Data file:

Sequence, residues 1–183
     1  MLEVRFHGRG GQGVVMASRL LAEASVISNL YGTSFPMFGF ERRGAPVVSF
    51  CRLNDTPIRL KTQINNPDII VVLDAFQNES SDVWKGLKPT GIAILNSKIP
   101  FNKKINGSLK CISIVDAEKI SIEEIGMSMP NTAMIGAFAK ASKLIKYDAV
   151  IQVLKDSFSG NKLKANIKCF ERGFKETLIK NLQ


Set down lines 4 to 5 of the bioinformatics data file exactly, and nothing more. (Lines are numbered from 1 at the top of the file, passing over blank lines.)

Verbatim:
   101  FNKKINGSLK CISIVDAEKI SIEEIGMSMP NTAMIGAFAK ASKLIKYDAV
   151  IQVLKDSFSG NKLKANIKCF ERGFKETLIK NLQ